UPDATE: July 14, 10 a.m.: The House passed the Conscience Protection Act Wednesday night in a largely party line 245-182 vote. Prior to floor consideration, House Republicans stripped the text of an unrelated Senate-passed bill (S. 304) and replaced it with the Conscience Protection Act. They likely did so to skip the Senate committee referral process, House Democratic aides told Rewire, expediting consideration across the capitol and, in theory, ushering a final bill to the president’s desk. President Barack Obama, however, would veto the Conscience Protection Act, according to a statement of administration policy.

The U.S. House of Representatives will vote next Wednesday on legislation that would allow a broadened swath of health-care providers to sue if they’re supposedly coerced into providing abortion care, or if they face discrimination for refusing to provide such care, according to a prominent anti-choice lawmaker.

Rep. Joe Pitts (R-PA) told Rewire in a Friday morning interview that House leadership confirmed a vote on the Conscience Protection Act (H.R. 4828) for July 13, days before the chamber adjourns for the presidential nominating conventions and the August recess. Pitts said he expects the bill to be brought up as a standalone measure, rather than as an amendment to any of the spending bills that have seen Republican amendments attacking a range of reproductive health care and LGBTQ protections.

The office of U.S. House Speaker Paul Ryan (R-WI) had no immediate comment.

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Pitts’ remarks came during and after he hosted a “Forum on Conscience Protections” in the House Energy and Commerce Committee room to garner support for the bill.

Energy and Commerce Democrats boycotted the forum, a House Democratic aide told Rewire in a subsequent interview.

Legislation Builds on Precedent

Conscience protections are nothing new, the aide said. The latest iteration is a successor to the Health Care Conscience Rights Act (S. 1919/H.R. 940), which remains pending in the House and U.S. Senate. There’s also the Abortion Non-Discrimination Act (S. 50) and similarly named bills in both chambers. The fiscal year 2017 Labor, Health, and Human Services funding bill, which guts Title X and Teen Pregnancy Prevention grants, includes the Health Care Conscience Rights Act.

At the leadership level, Ryan’s recently released health-care plan mimics key provisions in the Conscience Protection Act. Both would give health-care providers a private right of action to seek civil damages in court, should they face alleged coercion or discrimination stemming from their refusal to assist in abortion care. The Conscience Protection Act goes a step further, allowing providers to sue not only for threats, but also for perceived threats.

The proposals would also codify and expand the Weldon Amendment, named for former Rep. Dave Weldon (R-FL), who participated in Pitts’ conscience forum. The Weldon Amendment prohibits states that receive federal family planning funding from discriminating against health-care plans based on whether they cover abortion care. Currently, Congress must pass Weldon every year as an amendment to annual appropriations bills.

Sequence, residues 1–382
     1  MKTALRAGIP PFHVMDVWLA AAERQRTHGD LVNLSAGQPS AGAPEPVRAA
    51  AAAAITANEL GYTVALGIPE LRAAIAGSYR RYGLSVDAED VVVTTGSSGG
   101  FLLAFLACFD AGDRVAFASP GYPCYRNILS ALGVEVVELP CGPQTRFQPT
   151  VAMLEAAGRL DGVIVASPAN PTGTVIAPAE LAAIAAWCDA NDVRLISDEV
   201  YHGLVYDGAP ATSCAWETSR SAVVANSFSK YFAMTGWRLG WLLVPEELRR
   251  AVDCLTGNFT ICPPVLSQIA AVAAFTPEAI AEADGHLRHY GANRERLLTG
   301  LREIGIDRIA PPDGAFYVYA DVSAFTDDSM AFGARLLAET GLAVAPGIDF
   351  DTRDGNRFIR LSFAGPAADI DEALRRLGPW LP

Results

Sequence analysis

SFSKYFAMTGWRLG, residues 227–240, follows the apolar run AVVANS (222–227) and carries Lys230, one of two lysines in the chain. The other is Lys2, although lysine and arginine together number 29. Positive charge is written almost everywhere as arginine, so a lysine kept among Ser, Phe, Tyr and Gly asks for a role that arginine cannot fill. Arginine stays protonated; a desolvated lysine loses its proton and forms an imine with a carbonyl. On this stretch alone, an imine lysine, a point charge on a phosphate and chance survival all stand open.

Administration Action Provides Impetus

There hadn’t been much public dialogue around conscience protections with the exception of some anti-choice groups that “have really been all over it,” the aide said. The National Right to Life issued an action alert, as did the Susan B. Anthony List, to galvanize support for the Conscience Protection Act.

The relative silence on the issue began to break after the Obama administration took a stand on abortion care in June.

The U.S. Department of Health and Human Services’ Office for Civil Rights rejected anti-choice groups’ “right of conscience” complaint against California’s requirement that insurance plans must cover elective abortions under the definition of “basic health-care services.” Anti-choice groups had argued the California law violates the Weldon Amendment, but the administration found otherwise.

The California decision reinvigorated support for the Conscience Protection Act, the aide said. Ryan’s earlier health-care plan also specifically references the decision.

“We think this is going to be a big issue for us throughout the rest of this Congress,” the aide said.

Aide Outlines Additional Consequences

Beyond creating a private right of action and codifying Weldon, the Conscience Protection Act contains additional consequences for abortion care, the aide said.

The legislation would expand the definition of health-care providers to employers, social service organizations, and any other entity that offers insurance coverage, allowing them to raise objections under Weldon, the aide said. The aide characterized the change as a direct response to the California decision.

The legislation also broadens the list of objectionable services to include facilitating or making arrangements for abortion care, according to the aide.

The Republican-dominated House is likely to pass the Conscience Protection Act. But the aide did not expect it to advance in the Senate, which would all but certainly require a 60-vote threshold for such a controversial measure. More than anything, the aide said, the bill seems to be catering to anti-choice groups and long-time proponents of conscience clauses.

“The House oftentimes will pass these kinds of anti-choice proposals, and then they just go nowhere in the Senate,” the aide said.